(The purpose of the strategy is to develop what was a fairly traditional IT team into a rebranded ‘Technology Services’ team; and to bring them out of ‘maintenance mode’ and into more proactive space, where technology can be used to drive improvement and efficiency in the way that services are delivered. To my mind, IT in this sense cannot be worked around or ignored in a JFDI sense if you’re serious about transformation in your organisation – it must be tackled head on, otherwise you’re doomed to failure. More on this in a future post.)

Anyway, here are the principles, in case they are useful.

Cloud native – to ensure all the systems we use are designed for the internet age

Core to the Technology Strategy is for the Council to become a ‘cloud native’ organisation, making use of commoditised utility computing wherever possible. A district council has somewhat limited resources, and those resources are best spent where we can add most value, and to my mind, that isn’t in upgrading firmware or patching servers.

Our preferences when investing in systems is as follows:

  • Software as a Service – where possible, we prefer to use a SaaS solution to minimise the responsibility we have to support and maintain a system’s infrastructure
  • Platform as a Service – for bespoke workflows and requirements, we develop using a cloud-hosted, capability-based, off the shelf PaaS
  • Infrastructure as a Service – where the market is yet to deliver an acceptable SaaS solution and the requirement is too complex to deliver via PaaS, then a more traditional application will be hosted within a public cloud environment such as Amazon Web Services or Microsoft Azure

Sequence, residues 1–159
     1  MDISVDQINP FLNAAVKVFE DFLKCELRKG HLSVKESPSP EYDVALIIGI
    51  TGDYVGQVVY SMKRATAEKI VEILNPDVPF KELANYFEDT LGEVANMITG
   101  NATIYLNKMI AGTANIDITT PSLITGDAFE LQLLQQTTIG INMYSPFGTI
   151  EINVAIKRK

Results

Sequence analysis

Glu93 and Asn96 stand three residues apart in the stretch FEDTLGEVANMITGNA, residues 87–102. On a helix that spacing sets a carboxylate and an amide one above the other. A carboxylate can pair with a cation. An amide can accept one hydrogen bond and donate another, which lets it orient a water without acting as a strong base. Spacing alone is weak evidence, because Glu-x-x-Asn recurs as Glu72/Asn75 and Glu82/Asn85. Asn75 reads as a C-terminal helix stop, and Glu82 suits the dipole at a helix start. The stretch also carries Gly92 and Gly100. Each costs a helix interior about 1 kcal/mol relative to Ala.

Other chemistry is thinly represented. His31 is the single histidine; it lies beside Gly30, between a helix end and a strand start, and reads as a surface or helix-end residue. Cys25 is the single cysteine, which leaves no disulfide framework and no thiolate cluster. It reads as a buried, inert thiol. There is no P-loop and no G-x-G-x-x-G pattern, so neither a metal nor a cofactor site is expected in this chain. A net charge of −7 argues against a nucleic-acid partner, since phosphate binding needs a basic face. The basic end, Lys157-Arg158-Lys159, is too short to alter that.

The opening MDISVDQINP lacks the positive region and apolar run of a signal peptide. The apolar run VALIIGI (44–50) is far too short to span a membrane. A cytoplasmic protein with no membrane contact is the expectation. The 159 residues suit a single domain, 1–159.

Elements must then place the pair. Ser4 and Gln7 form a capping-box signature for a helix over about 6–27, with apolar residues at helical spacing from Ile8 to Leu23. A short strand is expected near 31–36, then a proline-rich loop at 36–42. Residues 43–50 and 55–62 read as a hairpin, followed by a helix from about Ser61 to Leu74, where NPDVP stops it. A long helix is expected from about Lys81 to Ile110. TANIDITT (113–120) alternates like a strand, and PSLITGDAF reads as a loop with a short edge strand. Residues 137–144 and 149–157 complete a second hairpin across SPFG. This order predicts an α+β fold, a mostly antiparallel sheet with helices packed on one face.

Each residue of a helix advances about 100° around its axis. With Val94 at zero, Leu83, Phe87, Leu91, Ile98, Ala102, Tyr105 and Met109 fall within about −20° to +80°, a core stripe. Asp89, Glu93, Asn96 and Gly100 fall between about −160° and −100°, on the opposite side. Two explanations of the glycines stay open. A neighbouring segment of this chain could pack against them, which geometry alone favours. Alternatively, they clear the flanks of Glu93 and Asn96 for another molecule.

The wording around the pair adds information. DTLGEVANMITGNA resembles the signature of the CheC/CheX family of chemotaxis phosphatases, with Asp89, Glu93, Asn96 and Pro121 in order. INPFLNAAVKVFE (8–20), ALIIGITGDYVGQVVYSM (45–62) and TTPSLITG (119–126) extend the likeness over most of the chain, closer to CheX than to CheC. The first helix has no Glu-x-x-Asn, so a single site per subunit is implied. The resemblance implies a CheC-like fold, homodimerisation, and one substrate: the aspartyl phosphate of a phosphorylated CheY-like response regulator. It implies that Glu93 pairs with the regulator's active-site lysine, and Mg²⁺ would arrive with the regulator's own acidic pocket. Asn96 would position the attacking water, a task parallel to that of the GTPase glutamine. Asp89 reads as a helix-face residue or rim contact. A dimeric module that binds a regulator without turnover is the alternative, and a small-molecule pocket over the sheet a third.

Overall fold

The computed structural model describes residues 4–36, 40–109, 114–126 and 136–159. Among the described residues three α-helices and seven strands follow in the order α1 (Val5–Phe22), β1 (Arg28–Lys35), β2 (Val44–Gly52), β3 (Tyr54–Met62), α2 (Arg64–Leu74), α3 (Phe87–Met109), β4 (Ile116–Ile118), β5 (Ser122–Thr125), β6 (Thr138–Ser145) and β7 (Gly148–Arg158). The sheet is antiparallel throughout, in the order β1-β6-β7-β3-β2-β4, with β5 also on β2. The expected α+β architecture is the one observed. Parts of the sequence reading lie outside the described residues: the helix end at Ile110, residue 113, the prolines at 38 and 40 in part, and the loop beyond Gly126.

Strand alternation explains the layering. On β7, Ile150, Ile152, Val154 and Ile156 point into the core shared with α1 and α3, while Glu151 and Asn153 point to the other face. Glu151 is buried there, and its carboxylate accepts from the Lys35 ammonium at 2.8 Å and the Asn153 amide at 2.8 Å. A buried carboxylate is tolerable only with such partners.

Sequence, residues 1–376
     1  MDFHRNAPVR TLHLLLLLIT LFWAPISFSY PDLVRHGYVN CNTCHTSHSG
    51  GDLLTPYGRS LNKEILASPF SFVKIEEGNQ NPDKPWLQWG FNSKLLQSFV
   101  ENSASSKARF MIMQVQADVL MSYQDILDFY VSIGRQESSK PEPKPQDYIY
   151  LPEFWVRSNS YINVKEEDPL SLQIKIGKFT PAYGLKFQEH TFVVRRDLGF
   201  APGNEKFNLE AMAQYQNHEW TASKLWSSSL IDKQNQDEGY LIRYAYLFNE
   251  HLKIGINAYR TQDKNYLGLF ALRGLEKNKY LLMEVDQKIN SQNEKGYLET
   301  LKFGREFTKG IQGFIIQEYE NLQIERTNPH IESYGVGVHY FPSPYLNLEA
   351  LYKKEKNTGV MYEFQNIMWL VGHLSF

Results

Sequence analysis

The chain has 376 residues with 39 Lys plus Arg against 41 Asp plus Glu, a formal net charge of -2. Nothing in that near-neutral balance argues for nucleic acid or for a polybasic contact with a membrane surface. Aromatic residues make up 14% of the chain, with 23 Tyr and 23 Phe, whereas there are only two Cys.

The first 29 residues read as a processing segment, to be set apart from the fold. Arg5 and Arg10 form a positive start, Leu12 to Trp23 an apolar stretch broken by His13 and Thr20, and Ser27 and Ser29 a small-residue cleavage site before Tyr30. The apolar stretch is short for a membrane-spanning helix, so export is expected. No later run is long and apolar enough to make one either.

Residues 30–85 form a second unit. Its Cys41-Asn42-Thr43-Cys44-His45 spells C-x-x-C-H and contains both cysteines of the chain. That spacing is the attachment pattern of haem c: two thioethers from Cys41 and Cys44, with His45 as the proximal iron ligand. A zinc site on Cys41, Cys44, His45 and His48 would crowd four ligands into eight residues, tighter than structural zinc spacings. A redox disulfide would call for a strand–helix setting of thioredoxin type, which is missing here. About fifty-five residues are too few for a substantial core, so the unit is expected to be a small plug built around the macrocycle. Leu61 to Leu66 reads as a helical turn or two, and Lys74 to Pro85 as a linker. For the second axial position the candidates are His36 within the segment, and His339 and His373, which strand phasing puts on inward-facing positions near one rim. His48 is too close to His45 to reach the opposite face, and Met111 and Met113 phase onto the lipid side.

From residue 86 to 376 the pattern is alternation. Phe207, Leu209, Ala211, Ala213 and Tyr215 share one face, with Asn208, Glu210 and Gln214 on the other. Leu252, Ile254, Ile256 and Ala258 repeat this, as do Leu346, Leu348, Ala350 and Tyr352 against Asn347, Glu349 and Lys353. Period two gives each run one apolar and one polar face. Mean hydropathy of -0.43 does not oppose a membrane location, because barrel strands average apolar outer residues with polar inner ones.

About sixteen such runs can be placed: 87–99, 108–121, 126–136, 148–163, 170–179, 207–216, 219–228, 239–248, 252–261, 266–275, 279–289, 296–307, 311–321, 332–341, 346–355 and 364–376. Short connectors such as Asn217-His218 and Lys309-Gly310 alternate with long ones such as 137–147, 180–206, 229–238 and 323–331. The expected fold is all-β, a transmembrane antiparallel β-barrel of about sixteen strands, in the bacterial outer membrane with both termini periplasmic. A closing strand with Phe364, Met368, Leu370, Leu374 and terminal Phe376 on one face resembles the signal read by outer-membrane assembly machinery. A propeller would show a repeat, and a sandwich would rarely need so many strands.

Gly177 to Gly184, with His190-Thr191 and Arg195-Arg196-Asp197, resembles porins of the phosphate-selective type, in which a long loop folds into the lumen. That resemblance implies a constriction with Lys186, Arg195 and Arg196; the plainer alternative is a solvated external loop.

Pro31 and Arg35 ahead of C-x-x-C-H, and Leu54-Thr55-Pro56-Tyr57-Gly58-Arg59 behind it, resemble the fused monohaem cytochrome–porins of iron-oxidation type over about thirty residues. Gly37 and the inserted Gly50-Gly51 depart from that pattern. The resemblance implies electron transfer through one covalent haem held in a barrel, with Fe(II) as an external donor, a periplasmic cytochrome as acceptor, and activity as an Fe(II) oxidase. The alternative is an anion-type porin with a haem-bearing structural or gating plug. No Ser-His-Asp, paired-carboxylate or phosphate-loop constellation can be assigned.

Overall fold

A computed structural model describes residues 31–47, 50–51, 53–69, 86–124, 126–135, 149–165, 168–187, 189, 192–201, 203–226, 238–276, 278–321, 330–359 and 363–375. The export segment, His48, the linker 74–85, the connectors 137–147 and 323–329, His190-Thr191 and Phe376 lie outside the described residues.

Mobile ready – to ensure all the systems we use can be accessed anywhere, from any device

Legacy software was built for desktop based computing and thus doesn’t work well with the new style of devices that have emerged in the last decade.

We want staff to be able to make use of easy to use devices such as smartphones and tablets while working away from the office.

Any software we purchase, renew or develop must be enabled for mobile working out of the box, without the requirement for middleware or extra investment in specialist hardware.

Interoperable – to ensure the data our systems use is easily shared between people and applications

Legacy software makes exchanging data between systems difficult and expensive.

Cloud native systems and software offer freely accessible and publicly document application programming interfaces (APIs) and web services, which can be used to link systems together very simply, often with very limited programming required and use of ‘drag and drop’ style interfaces.

We will insist that all technology we invest in offers this ability to share data across systems.

Flexible – to ensure we make good use of shared platforms and capabilities across our services